Clojure Tip 💡
types depend on context
I think one aspect is the abstractions over types that we have in Clojure. For instance, in Clojure, the sequence operations work on all collections, as well as Strings and
nil. That abstraction lets us easily forget about the concrete types we have and think instead about sequence or non-sequence. Clojure provides a very useful handful of such abstractions and consistent operations over them.
Even still, we use fewer types in Clojure in general. At least it feels like we do. Strings, Numbers, Booleans, Vectors, Maps, etc. It’s a small core list, then we have a few extra classes we might use in particular domains, such as URI or File. But otherwise, we’re operating more on structure than on types.
I think Nil Punning has a lot to do with it as well. As we get more skilled in Clojure, we get a sense of what kinds of code will safely deal with
nils without us doing anything. I wish it wasn’t something you have to learn tacitly with a lot of experience. It’s bad for beginners and it’s not likely to be fixed or even documented because many people eventually grow out of it. But in my conversations with Clojurists, there seem to be people who complain a lot about NullPointerExceptions and those who don’t encounter them that much. It would be really nice to figure out what secret they’re using.
I don’t think I’ve really gotten to the bottom of why types don’t feel so necessary in Clojure. Either way, it was worth exploring. But this idea does point to types being used as a bandaid, like linting, to enforce a good subset of a bad language. I wonder what a type system that made Clojure feel better would look like.
Quarantine update 😷
I know a lot of people are going through tougher times than I am. If you, for any reason, can’t afford my courses, and you think the courses will help you, please hit reply and I will set you up. It’s a small gesture I can make, but it might help.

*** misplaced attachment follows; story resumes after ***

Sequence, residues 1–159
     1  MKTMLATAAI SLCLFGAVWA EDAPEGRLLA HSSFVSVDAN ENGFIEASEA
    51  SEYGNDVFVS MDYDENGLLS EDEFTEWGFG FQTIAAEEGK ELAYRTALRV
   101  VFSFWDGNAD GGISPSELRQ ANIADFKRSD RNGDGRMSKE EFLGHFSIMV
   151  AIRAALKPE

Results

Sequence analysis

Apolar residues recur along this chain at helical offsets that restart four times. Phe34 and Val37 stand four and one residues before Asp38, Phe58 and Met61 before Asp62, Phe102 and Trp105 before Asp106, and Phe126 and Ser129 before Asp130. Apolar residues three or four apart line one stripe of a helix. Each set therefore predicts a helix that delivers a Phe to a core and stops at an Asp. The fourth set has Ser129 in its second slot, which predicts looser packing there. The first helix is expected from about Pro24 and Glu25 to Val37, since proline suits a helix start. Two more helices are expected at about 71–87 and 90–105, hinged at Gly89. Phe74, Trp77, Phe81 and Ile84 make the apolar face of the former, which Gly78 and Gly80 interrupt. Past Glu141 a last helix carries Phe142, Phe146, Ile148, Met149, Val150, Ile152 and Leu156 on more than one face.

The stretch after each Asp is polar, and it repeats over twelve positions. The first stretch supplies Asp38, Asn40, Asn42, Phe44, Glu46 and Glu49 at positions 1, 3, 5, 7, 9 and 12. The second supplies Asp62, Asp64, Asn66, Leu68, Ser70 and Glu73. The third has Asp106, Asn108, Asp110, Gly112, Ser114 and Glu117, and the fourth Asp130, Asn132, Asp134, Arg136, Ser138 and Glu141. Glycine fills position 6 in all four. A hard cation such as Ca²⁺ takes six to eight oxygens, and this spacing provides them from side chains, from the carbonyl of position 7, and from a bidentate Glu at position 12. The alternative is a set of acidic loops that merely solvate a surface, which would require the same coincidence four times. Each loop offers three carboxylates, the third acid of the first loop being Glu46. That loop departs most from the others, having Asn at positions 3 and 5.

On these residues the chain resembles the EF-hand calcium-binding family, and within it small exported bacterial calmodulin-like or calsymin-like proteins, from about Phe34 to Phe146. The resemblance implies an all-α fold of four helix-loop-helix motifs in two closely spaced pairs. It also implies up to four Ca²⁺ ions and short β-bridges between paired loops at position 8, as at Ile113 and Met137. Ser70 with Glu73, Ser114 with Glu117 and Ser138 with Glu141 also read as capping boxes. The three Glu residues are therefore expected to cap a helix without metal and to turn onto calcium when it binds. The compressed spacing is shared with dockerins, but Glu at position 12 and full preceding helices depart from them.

I don’t want to shame you or anybody that we should be using this time to work on our skills. The number one priority is your health and safety. I know I haven’t been able to work very much, let alone learn some new skill. But if learning Clojure is important to you, and you can’t afford it, just hit reply and I’ll set you up. Keeping busy can keep us sane.
Also, if you just want to subscribe for a paid membership, I have opened them back up for the moment. Register here.
Stay healthy. Wash your hands. Stay at home. Wear a mask. Take care of loved ones.
Clojure Challenge 🤔
Last week’s challenge
There were tons of clever ways to do FizzBuzz without conditionals or loops.
Please do participate in the discussion at the submission links above. It’s active and it’s a great way to get comments on your code.
This week’s challenge
Big change: Please submit your solutions as comments on the gist linked below.
Well, it’s Hurricane Season here in the Gulf South. But that’s not the kind of seasons I’m talking about now.
Your job is to take a month (keyword) day (number) and a hemisphere (
:south) and determine which season it is (return a keyword), according to this handy table.
Start End North South March 1 May 31 Spring Autumn June 1 August 31 Summer Winter September 1 November 30 Autumn Spring December 1 February 29 Winter Summer
(which-season :north :march 5) ;=> :spring (which-season :south :december 25) ;=> :summer
Please submit your solutions as comments to this gist. Discussion is welcome.
Big change: Please submit your solutions as comments on the gist linked above.